What age does maple syrup urine disease start?

Maple syrup urine disease (MSUD) is typically diagnosed in infants within the first few days of life as the symptoms can appear shortly after birth. However, in some cases, symptoms may not appear until several days or weeks after birth.

Early diagnosis and treatment are crucial for managing MSUD and preventing serious complications. Therefore, it is important for parents to be aware of the signs and symptoms of the disease and to seek medical attention promptly if they suspect their child may have MSUD.

Can you develop maple syrup urine disease later in life?

Maple syrup urine disease (MSUD) is typically diagnosed in newborns through newborn screening programs as symptoms can develop rapidly within the first few days of life. However, there have been reported cases of individuals developing MSUD later in life.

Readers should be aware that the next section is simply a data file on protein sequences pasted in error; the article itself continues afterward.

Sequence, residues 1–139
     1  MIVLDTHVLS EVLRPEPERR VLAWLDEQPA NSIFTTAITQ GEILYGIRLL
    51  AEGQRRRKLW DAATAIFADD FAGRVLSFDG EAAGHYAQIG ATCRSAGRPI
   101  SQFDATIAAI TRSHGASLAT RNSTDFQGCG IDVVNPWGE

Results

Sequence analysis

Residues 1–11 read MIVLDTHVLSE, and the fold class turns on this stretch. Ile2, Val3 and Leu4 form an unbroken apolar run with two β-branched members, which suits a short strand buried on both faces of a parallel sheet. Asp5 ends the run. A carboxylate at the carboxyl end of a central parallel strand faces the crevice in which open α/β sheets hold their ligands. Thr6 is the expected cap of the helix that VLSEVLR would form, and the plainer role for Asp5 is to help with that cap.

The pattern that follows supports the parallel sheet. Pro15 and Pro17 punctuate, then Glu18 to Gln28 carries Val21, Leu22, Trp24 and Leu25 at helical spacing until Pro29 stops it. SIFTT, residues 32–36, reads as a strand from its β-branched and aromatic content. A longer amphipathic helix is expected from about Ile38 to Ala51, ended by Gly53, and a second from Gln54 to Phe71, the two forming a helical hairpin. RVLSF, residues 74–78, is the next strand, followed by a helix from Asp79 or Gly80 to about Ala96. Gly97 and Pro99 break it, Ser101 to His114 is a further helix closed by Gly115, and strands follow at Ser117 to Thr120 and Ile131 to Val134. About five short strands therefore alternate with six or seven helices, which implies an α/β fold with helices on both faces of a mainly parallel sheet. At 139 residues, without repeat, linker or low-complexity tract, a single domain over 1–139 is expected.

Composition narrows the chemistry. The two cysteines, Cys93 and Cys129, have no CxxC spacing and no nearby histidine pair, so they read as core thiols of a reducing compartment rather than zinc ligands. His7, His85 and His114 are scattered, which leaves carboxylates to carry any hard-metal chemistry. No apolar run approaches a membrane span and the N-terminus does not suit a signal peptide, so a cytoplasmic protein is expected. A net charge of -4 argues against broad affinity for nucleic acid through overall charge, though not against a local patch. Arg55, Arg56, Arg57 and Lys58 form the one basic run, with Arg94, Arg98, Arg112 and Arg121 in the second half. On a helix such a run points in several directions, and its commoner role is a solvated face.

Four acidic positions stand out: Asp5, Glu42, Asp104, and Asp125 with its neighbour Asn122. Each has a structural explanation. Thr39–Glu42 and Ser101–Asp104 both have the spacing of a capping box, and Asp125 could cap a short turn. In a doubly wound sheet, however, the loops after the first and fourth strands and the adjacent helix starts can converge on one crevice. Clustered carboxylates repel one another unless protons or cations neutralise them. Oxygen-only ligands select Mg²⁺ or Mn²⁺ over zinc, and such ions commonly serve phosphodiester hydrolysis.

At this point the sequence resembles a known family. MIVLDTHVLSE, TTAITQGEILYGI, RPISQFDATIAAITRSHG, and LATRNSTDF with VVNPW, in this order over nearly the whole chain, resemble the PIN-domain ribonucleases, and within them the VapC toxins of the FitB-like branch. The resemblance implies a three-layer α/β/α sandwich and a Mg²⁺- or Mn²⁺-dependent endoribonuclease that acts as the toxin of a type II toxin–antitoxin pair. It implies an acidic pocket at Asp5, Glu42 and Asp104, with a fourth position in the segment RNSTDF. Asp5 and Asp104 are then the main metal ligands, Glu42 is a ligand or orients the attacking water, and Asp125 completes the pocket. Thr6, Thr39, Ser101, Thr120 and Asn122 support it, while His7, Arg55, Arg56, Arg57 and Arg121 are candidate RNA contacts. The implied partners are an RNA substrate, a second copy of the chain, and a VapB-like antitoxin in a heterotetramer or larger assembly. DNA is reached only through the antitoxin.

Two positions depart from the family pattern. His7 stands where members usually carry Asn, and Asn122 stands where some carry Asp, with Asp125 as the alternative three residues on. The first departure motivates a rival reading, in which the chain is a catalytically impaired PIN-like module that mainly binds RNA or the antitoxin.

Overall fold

The onset of symptoms in individuals who develop MSUD later in life can vary widely. Some may experience mild symptoms, such as difficulty concentrating or mood changes, while others may experience more severe symptoms, such as seizures, confusion, and even coma.

There are several possible reasons why someone may develop MSUD later in life. One possibility is that they have a milder form of the disease, which might have been missed during newborn screening. Another possibility is that a genetic mutation predisposes them to the disease later in life. MSUD may also be triggered by increased protein consumption or other stressors that place a greater demand on the body's ability to break down branched-chain amino acids.

How is maple syrup urine disease diagnosed?

The diagnosis of maple syrup urine disease (MSUD) involves a combination of newborn screening, urine and blood tests, genetic testing, molecular testing, and enzyme assays.